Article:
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Gaines's Mill, battle of.

In June, 1862, General McClellan transferred his army from the Chickahominy and his stores from the Pamunkey to the James River. He ordered the stores and munitions of war to be sent to Savage's Station, and what could not be removed to be burned, and supplies to be sent to the James as speedily as possible. He also sent his wounded to the same station, and prepared to cross the Chickahominy for the flight with the right wing—a perilous undertaking, for Jackson and Ewell were prepared to fall on Porter's flank. This movement was so secretly and skilfully made, however, that Lee was not informed of the fact until twenty-four hours after it was actually begun on the morning of the 27th. The duty of protecting the stores in their removal was assigned to General Porter. His corps (the 5th) was also charged with the duty of carrying away the siege-guns and covering the army in its march to the James. These troops were accordingly arrayed on the rising ground near Gaines's Mills, on the arc of a circle between Cold Harbor and the Chickahominy, when they were attacked by a Confederate force, in the afternoon, led by Generals Longstreet and A. P. Hill. A few of the siege-guns were yet in position. Morell's division occupied the left, Sykes's regulars and Duryee's Zouaves the right, and McCall's division formed a second line, his left touching Butterfield's right. Seymour's brigade and horse-batteries commanded the rear, and cavalry under Gen. Philip St. George Cooke were on flanking service near the Chickahominy. The brunt of the battle first fell upon Sykes, who threw the assailants back in confusion with great loss. Longstreet pushed forward with his veterans to their relief, and was joined by Jackson and D. H. Hill. Ewell's division also came into action. The Confederate line, now in complete order, made a general advance. A very severe battle ensued.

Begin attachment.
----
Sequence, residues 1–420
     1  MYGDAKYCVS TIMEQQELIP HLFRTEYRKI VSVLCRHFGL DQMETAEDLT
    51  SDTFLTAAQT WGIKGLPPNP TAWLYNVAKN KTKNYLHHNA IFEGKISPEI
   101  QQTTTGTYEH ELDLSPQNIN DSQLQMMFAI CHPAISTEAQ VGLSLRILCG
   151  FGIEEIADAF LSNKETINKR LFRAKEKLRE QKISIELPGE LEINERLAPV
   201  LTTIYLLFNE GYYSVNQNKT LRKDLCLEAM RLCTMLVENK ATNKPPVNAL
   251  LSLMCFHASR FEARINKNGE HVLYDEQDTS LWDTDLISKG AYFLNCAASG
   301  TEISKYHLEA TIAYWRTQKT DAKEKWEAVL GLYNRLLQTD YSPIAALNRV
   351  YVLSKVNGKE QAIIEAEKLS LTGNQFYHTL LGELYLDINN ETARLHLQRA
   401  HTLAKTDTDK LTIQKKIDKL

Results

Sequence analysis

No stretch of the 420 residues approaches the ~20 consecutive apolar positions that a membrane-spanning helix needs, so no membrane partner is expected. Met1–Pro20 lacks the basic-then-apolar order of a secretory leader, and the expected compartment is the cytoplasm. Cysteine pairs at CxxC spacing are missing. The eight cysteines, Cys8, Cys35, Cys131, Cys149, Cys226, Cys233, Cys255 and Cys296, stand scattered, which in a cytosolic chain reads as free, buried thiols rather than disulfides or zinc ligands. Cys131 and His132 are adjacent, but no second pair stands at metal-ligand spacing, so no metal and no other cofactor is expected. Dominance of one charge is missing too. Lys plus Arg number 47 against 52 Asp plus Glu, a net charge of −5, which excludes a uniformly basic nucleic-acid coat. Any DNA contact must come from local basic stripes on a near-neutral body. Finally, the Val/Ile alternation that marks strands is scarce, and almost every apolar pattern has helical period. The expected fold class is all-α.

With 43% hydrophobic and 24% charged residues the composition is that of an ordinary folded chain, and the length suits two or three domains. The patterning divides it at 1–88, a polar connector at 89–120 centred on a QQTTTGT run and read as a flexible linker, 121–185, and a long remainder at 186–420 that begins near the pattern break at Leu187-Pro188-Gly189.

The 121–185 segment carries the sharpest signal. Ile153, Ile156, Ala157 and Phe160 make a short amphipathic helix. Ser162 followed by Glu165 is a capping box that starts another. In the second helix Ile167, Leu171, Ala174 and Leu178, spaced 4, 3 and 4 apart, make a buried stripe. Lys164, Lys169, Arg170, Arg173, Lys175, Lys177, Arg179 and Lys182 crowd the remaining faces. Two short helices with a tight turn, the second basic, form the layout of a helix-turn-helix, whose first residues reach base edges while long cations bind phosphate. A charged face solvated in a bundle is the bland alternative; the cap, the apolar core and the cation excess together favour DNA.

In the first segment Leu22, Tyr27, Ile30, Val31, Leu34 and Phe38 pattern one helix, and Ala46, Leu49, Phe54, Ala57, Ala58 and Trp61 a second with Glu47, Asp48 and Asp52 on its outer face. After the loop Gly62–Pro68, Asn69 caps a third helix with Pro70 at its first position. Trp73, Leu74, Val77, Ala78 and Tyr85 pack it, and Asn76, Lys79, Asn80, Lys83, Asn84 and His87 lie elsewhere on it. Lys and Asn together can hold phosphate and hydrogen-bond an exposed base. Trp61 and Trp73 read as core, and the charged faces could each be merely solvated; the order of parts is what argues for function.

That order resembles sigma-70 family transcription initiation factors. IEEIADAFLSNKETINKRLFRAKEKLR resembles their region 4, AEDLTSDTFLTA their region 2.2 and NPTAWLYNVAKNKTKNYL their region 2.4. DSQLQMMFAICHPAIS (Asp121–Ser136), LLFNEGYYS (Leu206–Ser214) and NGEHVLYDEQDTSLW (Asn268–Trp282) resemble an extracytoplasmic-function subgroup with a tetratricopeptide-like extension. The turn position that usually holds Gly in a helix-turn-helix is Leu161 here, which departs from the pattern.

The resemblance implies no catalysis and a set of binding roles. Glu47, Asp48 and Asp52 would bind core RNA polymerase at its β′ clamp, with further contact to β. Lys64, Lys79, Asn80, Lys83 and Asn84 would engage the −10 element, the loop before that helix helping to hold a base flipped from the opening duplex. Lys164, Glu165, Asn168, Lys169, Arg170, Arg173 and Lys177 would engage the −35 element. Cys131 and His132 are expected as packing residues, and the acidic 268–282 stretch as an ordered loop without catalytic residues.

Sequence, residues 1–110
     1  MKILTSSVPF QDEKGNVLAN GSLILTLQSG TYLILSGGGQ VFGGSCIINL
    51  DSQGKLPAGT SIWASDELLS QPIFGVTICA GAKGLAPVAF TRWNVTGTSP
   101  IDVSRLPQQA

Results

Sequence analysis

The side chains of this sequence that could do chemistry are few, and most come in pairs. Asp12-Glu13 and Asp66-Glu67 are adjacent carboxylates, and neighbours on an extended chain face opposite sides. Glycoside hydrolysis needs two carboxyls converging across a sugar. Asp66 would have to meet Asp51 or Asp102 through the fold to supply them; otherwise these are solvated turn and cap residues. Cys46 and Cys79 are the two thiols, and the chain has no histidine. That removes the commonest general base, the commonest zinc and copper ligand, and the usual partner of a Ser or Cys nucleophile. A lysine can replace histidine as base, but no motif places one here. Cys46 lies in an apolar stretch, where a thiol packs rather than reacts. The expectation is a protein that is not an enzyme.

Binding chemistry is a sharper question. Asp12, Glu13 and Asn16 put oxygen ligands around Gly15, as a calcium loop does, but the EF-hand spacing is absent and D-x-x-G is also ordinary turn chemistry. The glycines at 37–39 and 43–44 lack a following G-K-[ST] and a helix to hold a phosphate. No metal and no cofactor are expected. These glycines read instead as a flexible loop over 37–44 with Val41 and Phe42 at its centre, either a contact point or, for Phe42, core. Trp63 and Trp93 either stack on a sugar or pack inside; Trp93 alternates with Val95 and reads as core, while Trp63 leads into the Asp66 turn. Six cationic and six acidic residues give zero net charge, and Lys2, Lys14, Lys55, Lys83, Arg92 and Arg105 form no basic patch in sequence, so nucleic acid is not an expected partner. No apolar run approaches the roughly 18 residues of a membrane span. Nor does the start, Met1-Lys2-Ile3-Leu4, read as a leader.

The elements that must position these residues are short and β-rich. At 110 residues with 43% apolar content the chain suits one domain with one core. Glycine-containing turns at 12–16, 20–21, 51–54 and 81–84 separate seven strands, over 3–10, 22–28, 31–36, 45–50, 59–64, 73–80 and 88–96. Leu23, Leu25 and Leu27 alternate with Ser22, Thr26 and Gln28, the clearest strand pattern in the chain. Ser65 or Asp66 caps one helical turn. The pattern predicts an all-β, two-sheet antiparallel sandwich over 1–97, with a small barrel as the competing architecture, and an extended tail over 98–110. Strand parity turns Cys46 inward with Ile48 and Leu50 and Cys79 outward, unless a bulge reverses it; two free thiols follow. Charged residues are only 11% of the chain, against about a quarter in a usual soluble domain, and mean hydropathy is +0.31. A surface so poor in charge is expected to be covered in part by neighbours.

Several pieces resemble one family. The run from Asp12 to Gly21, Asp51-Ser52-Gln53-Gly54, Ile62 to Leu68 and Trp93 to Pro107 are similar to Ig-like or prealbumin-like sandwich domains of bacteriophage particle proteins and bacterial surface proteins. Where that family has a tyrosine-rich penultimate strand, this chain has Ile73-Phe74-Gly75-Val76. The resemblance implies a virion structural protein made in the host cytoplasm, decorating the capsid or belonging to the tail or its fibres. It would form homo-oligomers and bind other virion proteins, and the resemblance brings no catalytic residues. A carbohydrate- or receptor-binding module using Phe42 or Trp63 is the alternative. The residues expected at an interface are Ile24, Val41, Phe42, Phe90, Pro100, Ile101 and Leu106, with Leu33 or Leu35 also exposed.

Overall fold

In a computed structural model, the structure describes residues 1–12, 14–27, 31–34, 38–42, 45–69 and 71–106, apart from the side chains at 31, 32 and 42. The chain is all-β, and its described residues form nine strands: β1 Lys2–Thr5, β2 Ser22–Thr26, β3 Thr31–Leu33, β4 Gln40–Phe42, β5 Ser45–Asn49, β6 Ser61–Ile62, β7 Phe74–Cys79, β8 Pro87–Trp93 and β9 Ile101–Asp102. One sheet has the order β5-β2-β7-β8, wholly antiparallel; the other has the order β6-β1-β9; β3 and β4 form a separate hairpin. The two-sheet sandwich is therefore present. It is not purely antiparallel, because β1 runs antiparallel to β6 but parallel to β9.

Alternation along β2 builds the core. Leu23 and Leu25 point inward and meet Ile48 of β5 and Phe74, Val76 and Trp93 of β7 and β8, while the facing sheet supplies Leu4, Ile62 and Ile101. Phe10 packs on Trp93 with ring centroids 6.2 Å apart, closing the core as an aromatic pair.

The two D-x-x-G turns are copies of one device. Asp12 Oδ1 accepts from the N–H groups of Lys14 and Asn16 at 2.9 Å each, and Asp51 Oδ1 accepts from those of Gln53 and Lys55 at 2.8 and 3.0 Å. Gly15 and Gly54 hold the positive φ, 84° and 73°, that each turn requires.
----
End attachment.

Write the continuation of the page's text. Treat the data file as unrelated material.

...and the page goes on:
Slocum's division was sent to Porter's aid by McClellan, making his entire force about 35,000. For hours the struggle along the whole line was fierce and persistent, and for a long time the issue was doubtful. At five o'clock Porter called for more aid, and McClellan sent him the brigades of Meagher and French, of Richardson's division. The Confederates were making desperate efforts to break the line of the Nationals, but for a long time it stood firm, though continually growing thinner. Finally a furious assault by Jackson and the divisions of Longstreet and Whiting was made upon Butterfield's brigade, which had long been fighting. It gave way and fell back, and with it several batteries. Then the whole line fell back. Porter called up all of his reserves and remaining artillery (about eighty guns), covered the retreat of his infantry, and checked the advance of the victors for a moment. Just then General Cooke, without orders, attacked the Confederate flank with his cavalry, which was repulsed and thrown into disorder. The horses, terrified by the tremendous roar of nearly 200 cannon and the rattle of thousands of muskets, rushed back through the Union batteries, giving the impression that it was a charge of Confederate cavalry. The artillerists recoiled, and Porter's whole force was pressed back to the river. While flying in fearful disorder, French and Meagher appeared, and gathering up the vast multitude of strugglers, checked the flight. Behind these the scattered brigades were speedily formed, while National batteries poured a destructive storm of shot and shell upon the head of the Confederate column. Seeing fresh troops on their front, and ignorant of their number, the Confederates fell back and rested upon the field they had won at a fearful cost. In this battle the Nationals [6] lost about 8,000 men, of whom 6,000 were killed or wounded. The loss of the Confederates was about 5,000. General Reynolds was made prisoner. Porter lost twenty-two siege-guns. During the night he withdrew to the right side of the Chickahominy, destroying the bridges behind him.

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